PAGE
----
[gpfsug-discuss] Introduction

Luke Raimbach luke.raimbach at oerc.ox.ac.uk
Mon Mar 2 19:21:25 GMT 2015

HI Adam,

We run virtualised GPFS client nodes in a VMware cluster here at Oxford e-Research Centre. We had a requirement where one research group wanted root access to their VMs but also wanted fast direct access to their data on our GPFS cluster.

The technical setup was (relatively) simple. We span up a small three-node virtual GPFS cluster (with no file system of its own). We then used the multi-cluster feature of GPFS to allow this small virtual cluster to join our main file system cluster which now gives that group very good IO performance.

However, the problem of spoofing you mention is relevant – we installed the virtual cluster nodes for the research group and put our Active Directory client on them. We also used the root-squash configuration option of the multi-cluster setup to prevent remote-cluster root access in to our file system. We also agreed with the research group that they would nominate one Administrator to have root access in their cluster and that they would maintain the AAA framework we put in place. We have to trust the group’s Administrator not to fiddle his UID or to let others escalate their privileges.

If you were letting untrusted root users spin up Stacks, then you could still run GPFS clients in the OpenStack instance nodes to give them fast access to their data. Here are some musings on a recipe (others please feel free to pull these ideas to pieces):

1.       Start with Cluster A – your main production GPFS file system. It has GPFS device name /gpfs.

2.       Pretend you have lots of money for extra disk to go under your OpenStack cluster (say you buy something like a DDN SFA7700 with a couple of expansion shelves and fill it up with 4TB drives – 180 drives).

3.       Drive this disk array with two, preferably four (or however many you want, really) decent NSD servers. Configure quorum nodes, etc. appropriately. Call this Cluster B.

4.       Carve up the disk array in to something like 30 x RAID6 (4 + 2) LUNs and configure them as GPFS NSDs; but don’t create a file system (line up the stripe sizes etc. and choose a nice block size, etc. etc.)…

5.       Put the GPFS metadata on some SSD NSDs somewhere. I like putting it on SSDs in the NSD server nodes and replicating it. Other people like putting it in their disk arrays.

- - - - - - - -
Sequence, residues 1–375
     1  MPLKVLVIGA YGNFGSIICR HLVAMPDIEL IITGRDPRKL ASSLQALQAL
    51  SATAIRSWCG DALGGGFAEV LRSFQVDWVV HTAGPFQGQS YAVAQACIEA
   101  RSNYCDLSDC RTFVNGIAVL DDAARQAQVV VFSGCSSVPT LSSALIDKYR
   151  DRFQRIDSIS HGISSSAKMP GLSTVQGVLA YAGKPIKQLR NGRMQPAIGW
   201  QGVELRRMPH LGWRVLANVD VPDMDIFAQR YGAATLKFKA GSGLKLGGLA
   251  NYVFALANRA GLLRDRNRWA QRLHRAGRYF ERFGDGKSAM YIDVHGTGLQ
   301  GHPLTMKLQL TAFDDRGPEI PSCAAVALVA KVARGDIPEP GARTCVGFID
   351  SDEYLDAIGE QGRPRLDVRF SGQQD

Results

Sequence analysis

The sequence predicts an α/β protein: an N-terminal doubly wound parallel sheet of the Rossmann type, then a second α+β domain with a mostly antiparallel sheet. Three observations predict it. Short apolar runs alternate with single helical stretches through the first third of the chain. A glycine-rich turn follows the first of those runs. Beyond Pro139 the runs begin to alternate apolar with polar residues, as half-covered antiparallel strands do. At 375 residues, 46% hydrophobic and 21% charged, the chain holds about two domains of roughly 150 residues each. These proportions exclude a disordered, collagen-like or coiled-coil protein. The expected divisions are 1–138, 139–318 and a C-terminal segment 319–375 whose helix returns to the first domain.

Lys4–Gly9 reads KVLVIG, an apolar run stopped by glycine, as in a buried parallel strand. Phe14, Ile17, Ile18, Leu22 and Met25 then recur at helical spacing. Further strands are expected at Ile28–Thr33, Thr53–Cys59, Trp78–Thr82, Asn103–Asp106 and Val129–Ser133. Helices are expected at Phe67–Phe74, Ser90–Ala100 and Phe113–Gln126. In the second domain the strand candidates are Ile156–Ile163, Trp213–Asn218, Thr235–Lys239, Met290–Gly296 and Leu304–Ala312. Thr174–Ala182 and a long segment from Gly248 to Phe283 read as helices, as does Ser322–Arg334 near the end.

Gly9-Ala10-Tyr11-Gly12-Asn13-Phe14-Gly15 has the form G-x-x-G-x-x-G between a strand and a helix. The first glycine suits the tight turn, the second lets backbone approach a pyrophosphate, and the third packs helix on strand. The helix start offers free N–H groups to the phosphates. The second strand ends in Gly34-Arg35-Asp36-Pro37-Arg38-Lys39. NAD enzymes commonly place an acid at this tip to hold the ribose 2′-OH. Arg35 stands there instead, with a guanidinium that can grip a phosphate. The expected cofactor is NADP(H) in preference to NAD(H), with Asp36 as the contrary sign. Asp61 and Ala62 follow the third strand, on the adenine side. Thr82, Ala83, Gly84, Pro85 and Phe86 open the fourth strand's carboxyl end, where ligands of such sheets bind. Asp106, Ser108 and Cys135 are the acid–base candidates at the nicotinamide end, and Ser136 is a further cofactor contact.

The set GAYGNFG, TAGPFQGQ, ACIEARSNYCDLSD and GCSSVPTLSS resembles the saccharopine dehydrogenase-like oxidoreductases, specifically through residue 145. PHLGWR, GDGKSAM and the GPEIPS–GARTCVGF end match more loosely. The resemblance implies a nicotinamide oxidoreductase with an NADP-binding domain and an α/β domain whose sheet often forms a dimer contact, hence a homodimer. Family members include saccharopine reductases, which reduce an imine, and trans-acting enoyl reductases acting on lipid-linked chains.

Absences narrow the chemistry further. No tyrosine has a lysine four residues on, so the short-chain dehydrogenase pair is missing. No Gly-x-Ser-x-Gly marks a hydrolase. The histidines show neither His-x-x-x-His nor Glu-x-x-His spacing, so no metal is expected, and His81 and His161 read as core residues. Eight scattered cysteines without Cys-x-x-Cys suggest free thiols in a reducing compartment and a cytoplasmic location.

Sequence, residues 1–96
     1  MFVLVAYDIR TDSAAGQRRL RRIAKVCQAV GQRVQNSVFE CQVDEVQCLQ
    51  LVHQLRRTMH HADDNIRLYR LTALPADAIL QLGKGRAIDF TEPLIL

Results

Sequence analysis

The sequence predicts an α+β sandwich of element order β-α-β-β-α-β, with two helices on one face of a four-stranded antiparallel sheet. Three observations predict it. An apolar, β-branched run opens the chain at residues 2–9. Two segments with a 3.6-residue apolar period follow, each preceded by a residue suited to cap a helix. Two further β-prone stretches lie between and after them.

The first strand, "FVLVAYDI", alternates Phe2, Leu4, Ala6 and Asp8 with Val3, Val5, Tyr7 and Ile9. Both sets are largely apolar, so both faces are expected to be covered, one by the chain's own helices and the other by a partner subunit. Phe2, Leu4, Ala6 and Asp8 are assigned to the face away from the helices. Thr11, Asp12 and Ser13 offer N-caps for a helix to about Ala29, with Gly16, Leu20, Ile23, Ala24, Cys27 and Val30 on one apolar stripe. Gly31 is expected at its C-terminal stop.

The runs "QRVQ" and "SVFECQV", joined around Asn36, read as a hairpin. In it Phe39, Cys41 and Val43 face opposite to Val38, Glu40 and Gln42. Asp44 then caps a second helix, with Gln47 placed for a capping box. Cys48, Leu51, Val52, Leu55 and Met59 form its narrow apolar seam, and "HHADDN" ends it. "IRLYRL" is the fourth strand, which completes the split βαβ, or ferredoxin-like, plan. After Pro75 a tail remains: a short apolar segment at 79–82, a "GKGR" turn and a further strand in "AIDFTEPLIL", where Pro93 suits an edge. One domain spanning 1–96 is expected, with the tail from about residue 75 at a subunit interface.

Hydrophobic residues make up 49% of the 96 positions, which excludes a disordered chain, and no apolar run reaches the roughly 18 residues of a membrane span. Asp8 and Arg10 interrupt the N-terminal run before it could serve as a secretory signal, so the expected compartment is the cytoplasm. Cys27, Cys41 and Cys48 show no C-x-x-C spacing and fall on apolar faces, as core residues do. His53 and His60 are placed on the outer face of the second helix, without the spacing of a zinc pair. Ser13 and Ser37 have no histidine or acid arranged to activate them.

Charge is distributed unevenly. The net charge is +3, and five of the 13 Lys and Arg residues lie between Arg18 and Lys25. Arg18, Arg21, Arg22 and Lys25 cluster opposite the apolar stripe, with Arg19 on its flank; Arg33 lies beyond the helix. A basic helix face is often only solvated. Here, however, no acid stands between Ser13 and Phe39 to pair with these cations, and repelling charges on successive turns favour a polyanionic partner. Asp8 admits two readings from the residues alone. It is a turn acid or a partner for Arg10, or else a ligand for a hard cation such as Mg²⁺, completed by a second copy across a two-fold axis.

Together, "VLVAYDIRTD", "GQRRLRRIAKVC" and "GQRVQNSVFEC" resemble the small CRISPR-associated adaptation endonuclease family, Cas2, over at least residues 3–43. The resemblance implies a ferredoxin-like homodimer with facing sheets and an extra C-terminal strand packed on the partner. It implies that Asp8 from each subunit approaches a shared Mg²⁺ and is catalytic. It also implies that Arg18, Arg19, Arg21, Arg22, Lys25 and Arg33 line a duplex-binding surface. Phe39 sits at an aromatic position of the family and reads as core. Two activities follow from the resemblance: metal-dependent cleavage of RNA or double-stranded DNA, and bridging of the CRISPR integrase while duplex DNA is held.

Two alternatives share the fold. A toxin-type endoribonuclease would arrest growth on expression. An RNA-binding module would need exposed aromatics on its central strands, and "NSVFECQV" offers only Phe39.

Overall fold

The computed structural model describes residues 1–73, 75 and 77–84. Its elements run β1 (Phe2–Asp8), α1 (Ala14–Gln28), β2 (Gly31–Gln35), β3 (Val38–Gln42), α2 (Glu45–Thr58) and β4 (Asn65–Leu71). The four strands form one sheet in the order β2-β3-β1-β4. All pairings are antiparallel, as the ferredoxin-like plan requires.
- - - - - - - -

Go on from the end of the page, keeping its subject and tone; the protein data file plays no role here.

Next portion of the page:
6.       As part of someone spinning up a Stack, get some scripts to do the following “magic”:

a.       Connect to Cluster A and find out how big their target data-set is.

b.      Connect to Cluster B and create a new GPFS file system with a reasonable (dependent on the above result) number of NSD disks. Call this new GPFS device something unique other that /gpfs e.g. /gpfs0001. You could slice bits off your SSDs for the metadata NSDs in each file system you create in this manner (if you haven’t got many SSDs).

c.       As part of a new Stack, provide a few (three, say) GPFS quorum nodes that you’ve configured. Call this Cluster C. Add the rest of the stack instances to Cluster C. No File System.

d.      Pop back over to Cluster A. Export their target data-set from Cluster A using AFM (over GPFS or NFS – pick your favourite: GPFS is probably better performant but means you need Cluster A to stay online).

e.      Now return to Cluster B. Import the target data to a local AFM cache on Cluster B’s new file system. Name the AFM file-set whatever you like, but link it in to the Cluster B /gpfs0001 namespace at the same level as it is in Cluster A. For example Cluster A: /gpfs/projects/dataset01 imports to an AFM fileset in Cluster B named userdataset01. Link this under /gpfs0001/projects/dataset01.

f.        Configure multi-cluster support on Cluster B to export GPFS device /gpfs0001 to Cluster C. Encrypt traffic if you want a headache.

g.       Configure multi-cluster support on Cluster C to remote mount Cluster B:/gpfs0001 as local device /gpfs.

7.       You now have fast GPFS access to this user dataset *only* using GPFS clients inside the OpenStack instance nodes. You have also preserved the file system namespace in Cluster C’s instance nodes. If you only want to run over the data in the stack instances, you could pre-fetch the entire data-set using AFM Control from Cluster A in to the Cluster B file-set (if it’s big enough).